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dissimilar. A groove has been cut in its apex, doubtless to hold an ornament like that at Heliopolis. In the hieroglyphics on the sides, the king is said to be beloved of Ptah and Mandoo, who, it is supposed, were the principal divinities of the place. Whatever may be its origin and meaning, there is something solemn and suggestive in the aspect of this great fractured block of history, traced with the records of extreme antiquity, and lying here neglected in a bean-field, a mile from any human habitation, an object of mystery and awe to the ignorant peasantry, and of speculation to ourselves, which will probably never be satisfied. It, at all events, disposes finally of a popular theory, that all the pyramids were on one side of the Nile, and all the obelisks on the other. As we were neither of us in a condition, so far as strength was concerned, to walk back through the mud and rain, our return journey on our lofty animals was not a little perilous, the more especially as darkness came on before we reached home. Our way for the most part was along the slippery edge of a gully which cut through soft country. Sometimes THE LAByRINTH AND THE AREs. iół żo

we took refuge in the young wheat-fields, to the intense indignation of the proprietors, who shouted angry remonstrances; sometimes we scrambled down into the bed of the wady, hoping to find safer travelling-ground. At last, wet and tired, after being four hours in the saddle, instead of two, as we expected, we reached the town just as our anxious friends had sent out their servants to look for us. After this experience we were obliged to give up our trip to Biahmu, a village about four miles to the north of Medinet, where the remains of two ancient monuments exist, the nature of which I was anxious to try and verify, as it is still a matter of dispute. Linant considers them the remains of the pyramids upon which were the statues of King Moeris and his consort, which Herodotus indicates as being in the middle of the lake. Lepsius describes them as built out of great massive blocks, of which the nuclei are still standing, but not in the centre of the almost rectangular enclosures, which, by their appearance, they seem to have originally occupied. While Linant makes these outside enclosures “square,” and Lepsius “almost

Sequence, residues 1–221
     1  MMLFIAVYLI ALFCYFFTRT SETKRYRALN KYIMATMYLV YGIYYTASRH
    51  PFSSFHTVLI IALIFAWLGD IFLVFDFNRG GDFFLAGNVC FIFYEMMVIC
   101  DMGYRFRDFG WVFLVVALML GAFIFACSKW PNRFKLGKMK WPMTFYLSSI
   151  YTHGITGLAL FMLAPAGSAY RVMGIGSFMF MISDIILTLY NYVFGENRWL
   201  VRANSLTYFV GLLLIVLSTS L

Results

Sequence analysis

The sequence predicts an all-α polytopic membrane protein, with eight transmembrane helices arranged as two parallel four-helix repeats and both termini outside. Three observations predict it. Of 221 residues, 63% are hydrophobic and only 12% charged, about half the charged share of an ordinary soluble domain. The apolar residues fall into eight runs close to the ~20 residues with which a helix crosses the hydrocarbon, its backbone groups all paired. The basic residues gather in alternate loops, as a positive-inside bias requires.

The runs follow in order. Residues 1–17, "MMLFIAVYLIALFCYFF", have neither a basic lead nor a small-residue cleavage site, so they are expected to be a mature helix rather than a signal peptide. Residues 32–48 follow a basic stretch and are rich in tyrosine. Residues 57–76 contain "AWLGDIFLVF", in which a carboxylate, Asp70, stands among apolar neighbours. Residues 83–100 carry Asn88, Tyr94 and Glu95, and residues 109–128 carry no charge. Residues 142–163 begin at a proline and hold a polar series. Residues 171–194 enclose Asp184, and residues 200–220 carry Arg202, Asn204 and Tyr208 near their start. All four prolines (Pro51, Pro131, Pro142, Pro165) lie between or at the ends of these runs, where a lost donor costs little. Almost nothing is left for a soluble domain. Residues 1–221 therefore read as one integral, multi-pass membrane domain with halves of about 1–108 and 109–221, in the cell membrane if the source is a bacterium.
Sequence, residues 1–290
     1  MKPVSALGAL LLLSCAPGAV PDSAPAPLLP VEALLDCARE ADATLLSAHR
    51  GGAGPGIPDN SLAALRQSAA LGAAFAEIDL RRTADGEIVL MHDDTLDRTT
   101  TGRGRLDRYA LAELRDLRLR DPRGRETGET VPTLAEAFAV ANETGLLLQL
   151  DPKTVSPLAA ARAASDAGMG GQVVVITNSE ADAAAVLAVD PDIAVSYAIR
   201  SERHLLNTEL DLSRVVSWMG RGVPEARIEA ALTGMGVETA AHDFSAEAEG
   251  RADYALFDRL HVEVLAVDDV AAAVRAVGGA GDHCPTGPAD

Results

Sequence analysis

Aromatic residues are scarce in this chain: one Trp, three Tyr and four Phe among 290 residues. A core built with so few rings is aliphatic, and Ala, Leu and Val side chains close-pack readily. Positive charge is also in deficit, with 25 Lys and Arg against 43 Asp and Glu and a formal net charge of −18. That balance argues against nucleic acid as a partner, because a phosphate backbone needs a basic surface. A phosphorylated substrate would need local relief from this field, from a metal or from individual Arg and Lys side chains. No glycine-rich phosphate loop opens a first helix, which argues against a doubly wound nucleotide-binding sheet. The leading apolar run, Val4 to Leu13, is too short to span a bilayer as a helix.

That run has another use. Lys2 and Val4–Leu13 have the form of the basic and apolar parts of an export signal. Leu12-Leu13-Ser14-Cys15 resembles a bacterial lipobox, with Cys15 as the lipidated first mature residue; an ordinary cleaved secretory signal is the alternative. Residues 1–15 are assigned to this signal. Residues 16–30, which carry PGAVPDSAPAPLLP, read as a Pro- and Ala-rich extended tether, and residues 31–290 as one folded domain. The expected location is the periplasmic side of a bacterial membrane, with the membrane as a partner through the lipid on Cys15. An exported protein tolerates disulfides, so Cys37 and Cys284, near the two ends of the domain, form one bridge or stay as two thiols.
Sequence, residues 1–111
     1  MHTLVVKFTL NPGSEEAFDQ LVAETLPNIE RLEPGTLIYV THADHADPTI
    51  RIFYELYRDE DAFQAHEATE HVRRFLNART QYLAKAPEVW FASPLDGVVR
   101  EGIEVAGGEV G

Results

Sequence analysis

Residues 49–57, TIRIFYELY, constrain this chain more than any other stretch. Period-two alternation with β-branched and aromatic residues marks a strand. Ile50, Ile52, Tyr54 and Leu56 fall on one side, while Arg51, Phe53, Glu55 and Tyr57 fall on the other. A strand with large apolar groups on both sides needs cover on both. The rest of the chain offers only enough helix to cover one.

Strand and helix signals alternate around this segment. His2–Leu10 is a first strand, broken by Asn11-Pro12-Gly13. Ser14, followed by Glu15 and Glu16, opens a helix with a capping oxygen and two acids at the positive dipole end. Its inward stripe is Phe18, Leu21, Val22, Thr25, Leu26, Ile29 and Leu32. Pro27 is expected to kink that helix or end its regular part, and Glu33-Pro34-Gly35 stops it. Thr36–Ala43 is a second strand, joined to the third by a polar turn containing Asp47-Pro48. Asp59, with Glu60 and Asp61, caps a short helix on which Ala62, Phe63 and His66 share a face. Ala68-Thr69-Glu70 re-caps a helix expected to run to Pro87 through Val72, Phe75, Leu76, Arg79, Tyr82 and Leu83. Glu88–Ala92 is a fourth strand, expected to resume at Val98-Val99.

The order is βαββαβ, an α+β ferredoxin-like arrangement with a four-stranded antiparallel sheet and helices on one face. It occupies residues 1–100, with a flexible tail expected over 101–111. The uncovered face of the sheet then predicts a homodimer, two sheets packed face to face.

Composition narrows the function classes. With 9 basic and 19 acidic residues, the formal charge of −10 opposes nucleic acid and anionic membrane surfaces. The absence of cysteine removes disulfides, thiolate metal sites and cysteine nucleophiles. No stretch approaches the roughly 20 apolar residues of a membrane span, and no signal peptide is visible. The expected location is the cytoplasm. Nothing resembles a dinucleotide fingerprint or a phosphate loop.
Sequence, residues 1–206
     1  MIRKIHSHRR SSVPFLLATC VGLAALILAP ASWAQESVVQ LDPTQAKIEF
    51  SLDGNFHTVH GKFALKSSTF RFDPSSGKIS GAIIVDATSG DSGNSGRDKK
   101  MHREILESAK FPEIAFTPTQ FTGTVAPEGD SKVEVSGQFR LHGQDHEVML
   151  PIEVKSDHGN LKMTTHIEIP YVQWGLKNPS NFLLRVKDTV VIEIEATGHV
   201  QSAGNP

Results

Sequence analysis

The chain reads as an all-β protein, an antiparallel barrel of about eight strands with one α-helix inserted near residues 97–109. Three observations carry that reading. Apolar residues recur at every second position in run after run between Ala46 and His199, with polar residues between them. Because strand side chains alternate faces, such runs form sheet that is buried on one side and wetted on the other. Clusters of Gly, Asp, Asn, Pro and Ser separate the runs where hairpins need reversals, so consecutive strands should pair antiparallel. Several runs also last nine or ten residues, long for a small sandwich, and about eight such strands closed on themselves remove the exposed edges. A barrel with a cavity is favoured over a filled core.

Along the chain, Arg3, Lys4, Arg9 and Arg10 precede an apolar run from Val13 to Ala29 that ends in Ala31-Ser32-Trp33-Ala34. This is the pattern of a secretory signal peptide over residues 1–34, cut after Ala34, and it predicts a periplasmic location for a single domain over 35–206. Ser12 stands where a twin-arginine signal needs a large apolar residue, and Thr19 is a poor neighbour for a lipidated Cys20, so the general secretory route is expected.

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square,” Murray's ‘Guide' makes them meas-
ure 65 feet by 45. Lepsius believes that
the height of the central masses was never
greater than it is now — viz., 23 feet — to
which must be added a peculiar and some-
what projecting base of 7 feet. The foun-
dations were on Nile mud, and the incli-
nation of their angle 64°, which is steeper
than that of ordinary pyramids, and hence
he concludes against Linant Bey's hypothesis.
On the other hand, the lower stones bear
the traces of water—the Nile mud may have
been Lake Moeris mud. There are no other
remains within the area of the lake, and the
remains of the dams would go to show that
they stood in its extreme north-east angle.
The fact that they were not ordinary pyr-
amids, but rather pyramidal pedestals for
statues, may account for the steeper inclina-
tion of their angles. At all events, the point
is an interesting one, which a more thorough
investigation would probably decide.
We should gladly have lingered longer in the
Fayoum had it been in our power to take our
tents and camels and wander about in search
of the antique and the picturesque. Unfor-

tunately, our experience of camel-riding had proved too fatiguing, and we were obliged to substitute another project, which, however, proved scarcely less agreeable. We could not leave the Fayoum without wondering at the neglect of the tourist who has done Thebes, and Luxor, and the Second Cataract, and is looking for more worlds to conquer —of a region with so many attractions, and so accessible. The sportsman, the artist, and the archaeologist will all find their tastes gratified in this charming oasis. The Birket el Kurón offers, probably, better sport to the angler than he would find elsewhere in Egypt. In the thickets in some of the ravines are to be found wild boar; while lynxes, wolves, jackals, ichneumons, and hares are more or less abundant. Pelicans, wild geese, ducks, teal, and water-fowl of different varieties, frequent the marshy shores of the lake. The antiquarian would find Arsinoë, the Labyrinth, the Temple of Kasr Karoon, and the ruins on the western shores of the lake, full, not merely of interest, but of possible discoveries. At Senooris there are the graves of the early Christians who are said to have been martyred, and the peasantry have no scruple in exhuming them to satisfy the curiosity of the anthropologist who desires to have a specimen of an early Christian's skull, or the curious coffins in which their corpses were placed; while the fortress - like village of Tamiyeh, the thicket-clad gorge of Fidimin, and the broad precipitous wady at Nazlet, would offer subjects for the artist of a character not to be found elsewhere in Egypt. It is true that modern no less than ancient writers have in some respects exaggerated the luxuriance of the Fayoum. One writes of “a virgin forest,” and of “orange-trees as big as oaks;" and another of “a plantation of opuntia, the growth of which is so gigantic as almost to resemble a forest,” which I happened to see, and which certainly fell far short of this description : but in spite of all this, there can be no doubt that the Fayoum possesses a charm denied to any other section of the country, and its brawling streams and verdant recesses will well repay the traveller in search of “fresh fields and pastures new.”

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